State officials in Texas have so far refused to answer requests to talk about cell phone videos of an alleged 'fight club' run by night shift employees at a residence for the mentally disabled, featured in an ABC News report last week. Following the airing of the report, the sister of one of the men forced to brawl in the video said authorities twice denied to her that her brother had been victimized.
"No one would call me back," said Michelle Crayton. "I was really upset, I do think they're trying to cover up."
Crayton was unaware that her mentally disabled brother, 44-year-old George Brazil, had been filmed fighting by the employees until she saw the report on ABC News last week. The video shows her brother being chased through the halls, trying to get away from the staff forcing him to fight. Near tears, he cries 'I'll behave'.
"They were bad," Brazil told ABC News. "It was bad because I was scared, you know. I mean I was very scared." Brazil has resided at the Corpus Christi state school for over 20 years.
"George is still afraid to talk about it," said his sister. " They told him if he ever told anyone about the story that he could get stitches, ' if you snitch, you get stitches'."
The five former state employees accused of running the so-called fight club all pleaded not guilty Tuesday in a Corpus Christi courtroom. They are charged with causing injury to a disabled person. A sixth is charged with failing to intervene.
The evidence against them includes the disturbing cell phone videos discovered by police when the alleged ring leader lost his phone.
The videos show mentally disabled residents of the state school being prodded into fighting one another by the night shift staff, which recorded it all for their apparent amusement.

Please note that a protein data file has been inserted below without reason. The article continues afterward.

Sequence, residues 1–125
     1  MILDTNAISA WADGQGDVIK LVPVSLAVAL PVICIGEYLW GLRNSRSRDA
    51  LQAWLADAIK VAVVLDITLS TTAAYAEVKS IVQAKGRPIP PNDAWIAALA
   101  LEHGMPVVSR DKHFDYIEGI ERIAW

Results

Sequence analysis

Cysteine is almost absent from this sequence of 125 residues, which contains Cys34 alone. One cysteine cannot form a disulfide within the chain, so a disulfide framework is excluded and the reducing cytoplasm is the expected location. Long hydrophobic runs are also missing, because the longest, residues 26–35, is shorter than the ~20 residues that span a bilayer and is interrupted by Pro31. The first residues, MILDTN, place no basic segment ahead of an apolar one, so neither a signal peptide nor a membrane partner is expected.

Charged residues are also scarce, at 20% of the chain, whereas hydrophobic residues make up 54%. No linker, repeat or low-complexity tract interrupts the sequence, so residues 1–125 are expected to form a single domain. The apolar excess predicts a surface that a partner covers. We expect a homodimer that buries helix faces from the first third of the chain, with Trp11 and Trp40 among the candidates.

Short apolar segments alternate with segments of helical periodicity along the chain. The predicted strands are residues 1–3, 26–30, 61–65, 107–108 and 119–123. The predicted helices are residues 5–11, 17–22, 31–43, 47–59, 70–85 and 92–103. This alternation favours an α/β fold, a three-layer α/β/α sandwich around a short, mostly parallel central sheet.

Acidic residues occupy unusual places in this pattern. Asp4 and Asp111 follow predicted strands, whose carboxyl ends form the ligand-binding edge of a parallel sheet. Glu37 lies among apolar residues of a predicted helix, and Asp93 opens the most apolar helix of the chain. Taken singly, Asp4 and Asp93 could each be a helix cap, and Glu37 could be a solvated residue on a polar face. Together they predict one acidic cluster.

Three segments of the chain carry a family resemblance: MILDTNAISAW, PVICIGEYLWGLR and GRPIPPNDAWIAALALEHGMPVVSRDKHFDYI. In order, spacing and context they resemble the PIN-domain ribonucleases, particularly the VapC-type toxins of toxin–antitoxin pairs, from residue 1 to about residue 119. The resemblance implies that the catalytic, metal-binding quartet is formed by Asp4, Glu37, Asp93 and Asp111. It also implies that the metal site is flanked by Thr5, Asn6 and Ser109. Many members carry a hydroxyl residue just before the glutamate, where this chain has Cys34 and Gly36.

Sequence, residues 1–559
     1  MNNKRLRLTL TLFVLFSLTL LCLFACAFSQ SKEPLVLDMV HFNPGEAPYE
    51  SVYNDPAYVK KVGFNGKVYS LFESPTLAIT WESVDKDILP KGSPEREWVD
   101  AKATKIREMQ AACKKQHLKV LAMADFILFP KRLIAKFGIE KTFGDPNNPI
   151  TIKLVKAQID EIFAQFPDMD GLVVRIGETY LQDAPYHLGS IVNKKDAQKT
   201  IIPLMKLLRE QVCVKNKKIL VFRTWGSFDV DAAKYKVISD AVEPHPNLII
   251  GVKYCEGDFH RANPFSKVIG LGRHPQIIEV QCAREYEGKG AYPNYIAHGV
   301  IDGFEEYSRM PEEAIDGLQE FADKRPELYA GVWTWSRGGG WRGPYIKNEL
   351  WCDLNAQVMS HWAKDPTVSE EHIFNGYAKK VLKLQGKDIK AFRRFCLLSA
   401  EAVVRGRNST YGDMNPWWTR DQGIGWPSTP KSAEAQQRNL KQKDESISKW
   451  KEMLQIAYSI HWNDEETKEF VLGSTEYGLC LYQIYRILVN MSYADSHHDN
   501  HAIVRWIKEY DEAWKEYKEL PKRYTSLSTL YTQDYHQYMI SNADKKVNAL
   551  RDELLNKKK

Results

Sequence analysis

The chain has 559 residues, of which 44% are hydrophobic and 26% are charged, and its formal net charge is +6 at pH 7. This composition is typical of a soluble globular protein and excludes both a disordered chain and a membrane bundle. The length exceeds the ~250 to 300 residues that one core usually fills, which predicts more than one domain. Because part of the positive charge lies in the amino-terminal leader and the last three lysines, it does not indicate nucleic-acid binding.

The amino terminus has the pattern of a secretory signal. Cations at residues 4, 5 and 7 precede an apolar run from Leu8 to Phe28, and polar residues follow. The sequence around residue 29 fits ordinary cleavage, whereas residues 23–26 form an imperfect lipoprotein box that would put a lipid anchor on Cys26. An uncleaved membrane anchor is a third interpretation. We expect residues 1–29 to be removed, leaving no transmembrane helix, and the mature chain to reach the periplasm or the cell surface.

Mental health advocates and lawyers say the videos are also evidence of a broken system statewide that is supposed to care for the mentally disabled.
"Unless they fix that system there will be someone else who comes in and does this or worse," said Bob Hilliard, an attorney suing the state on behalf Brazil's family.
So far, the only action from the state attorney general was a failed effort to prevent the tapes from being made public, saying he was trying to protect the privacy rights of the mentally disabled.
"I think it's to protect the inaction of the attorney general over the last year and a half," said Hilliard. "He wanted to protect their rights, but it was those very rights that he allowed to be violated."
A spokesperson for the Texas Department of Aging and Disability Services, which oversees the state schools, says the agency was "shocked and disgusted by the unconscionable actions of a few employees." Spokesperson Cecilia Fedorov said the department has taken a number of steps to "stop this kind of abuse again," including hiring additional security and increased supervision of night shifts. All of the accused employees were fired.